#California Supreme Court refuses to review farmer Michael Abatti’s case against IID — The Palm Springs Desert Sun #ColoradoRiver #COriver #aridification

From The Palm Springs Desert Sun (Mark Olalde):

On Wednesday, the California Supreme Court declined [Michael] Abatti’s petition for review, leaving in place an appellate court’s decision that declared IID the rightful owner of a massive allotment of Colorado River water.

The legal tussle centered on the question of whether Imperial Valley farmers owned a constitutionally protected water right or were merely guaranteed water service by IID. The case’s outcome had the potential to shift the valley’s power dynamic to several families who own large agricultural interests in this rural slice of California, including Abatti’s.

The largest single user of Colorado River water, IID has a 3.1 million acre-foot yearly entitlement to the resource, although some of that is sold to other Southern California water districts under a 2003 agreement. IID serves a swathe of desert from the U.S.-Mexico border to the Salton Sea, and delivers nearly all its water to farm fields that cover roughly half-a-million acres…

Abatti’s legal team fought IID through multiple layers of state court, first winning at the trial level before seeing that ruling overturned by the appellate court, which then denied a request for a new hearing.

Abatti’s lawyers petitioned the state’s top court to take up the case, writing that the appellate court’s opinion “will have adverse consequences on water planning, water markets, and agricultural water conservation programs statewide, because they rely upon irrigating landowners possessing definable rights to water on their lands that may be transferred, sold, or credited.”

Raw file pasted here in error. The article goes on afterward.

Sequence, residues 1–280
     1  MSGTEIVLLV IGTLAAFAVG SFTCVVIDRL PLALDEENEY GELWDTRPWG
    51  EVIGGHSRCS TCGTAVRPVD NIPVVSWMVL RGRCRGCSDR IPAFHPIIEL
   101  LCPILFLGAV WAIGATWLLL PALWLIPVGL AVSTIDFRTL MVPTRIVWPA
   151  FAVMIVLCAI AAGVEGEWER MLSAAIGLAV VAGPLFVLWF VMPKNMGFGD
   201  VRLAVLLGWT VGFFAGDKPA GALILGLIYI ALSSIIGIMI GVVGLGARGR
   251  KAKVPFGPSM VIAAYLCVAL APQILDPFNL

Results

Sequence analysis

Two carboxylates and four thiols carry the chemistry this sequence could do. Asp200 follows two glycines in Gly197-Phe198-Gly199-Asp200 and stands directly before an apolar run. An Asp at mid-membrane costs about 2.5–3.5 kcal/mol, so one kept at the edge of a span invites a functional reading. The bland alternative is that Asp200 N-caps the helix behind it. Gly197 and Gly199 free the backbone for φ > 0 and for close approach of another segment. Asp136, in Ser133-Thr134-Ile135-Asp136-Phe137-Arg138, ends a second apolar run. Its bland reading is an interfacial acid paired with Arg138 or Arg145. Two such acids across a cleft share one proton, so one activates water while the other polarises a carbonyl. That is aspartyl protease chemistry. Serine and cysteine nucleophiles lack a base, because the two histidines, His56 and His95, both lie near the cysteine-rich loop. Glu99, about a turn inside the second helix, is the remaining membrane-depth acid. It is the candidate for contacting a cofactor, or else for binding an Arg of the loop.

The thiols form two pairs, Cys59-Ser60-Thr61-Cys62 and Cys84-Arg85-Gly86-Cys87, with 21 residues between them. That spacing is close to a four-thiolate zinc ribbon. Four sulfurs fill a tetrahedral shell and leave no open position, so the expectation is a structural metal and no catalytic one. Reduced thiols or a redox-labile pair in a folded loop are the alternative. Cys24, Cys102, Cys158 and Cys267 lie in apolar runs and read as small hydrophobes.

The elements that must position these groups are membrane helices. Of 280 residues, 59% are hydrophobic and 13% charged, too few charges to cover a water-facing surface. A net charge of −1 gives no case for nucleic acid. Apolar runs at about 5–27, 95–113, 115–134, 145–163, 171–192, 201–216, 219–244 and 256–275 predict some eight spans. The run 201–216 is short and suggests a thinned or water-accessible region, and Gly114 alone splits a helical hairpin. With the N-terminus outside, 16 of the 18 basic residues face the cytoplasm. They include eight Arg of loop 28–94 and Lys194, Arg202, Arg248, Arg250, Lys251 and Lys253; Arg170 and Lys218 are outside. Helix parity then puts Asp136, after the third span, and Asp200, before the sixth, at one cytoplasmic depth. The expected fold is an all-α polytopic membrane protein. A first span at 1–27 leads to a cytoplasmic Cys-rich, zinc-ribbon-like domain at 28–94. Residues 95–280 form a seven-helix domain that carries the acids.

Unless farmers were granted the water rights they were promised at the trial court level, Abatti’s lawyers argued, irrigators would find it difficult to participate in potential statewide water markets and plans.

IID disagreed, claiming that, as long as the district fairly distributed water to all users, the rights remained with the district…

The case is now closed and has no additional recourse at the state level.

Throughout the winding legal process, Abatti was victorious in his attempt to get the Equitable Distribution Plan — IID’s roadmap for decreasing how much water its users receive in times of drought — thrown out by the trial court and again at the appellate level. IID repealed its plan in response…

Now, most of Abatti’s claims are settled. The main outstanding question is that of legal fees, and IID recently asked for a different judge to decide that point, citing a Desert Sun investigation that found ties between Abatti and the trial judge.

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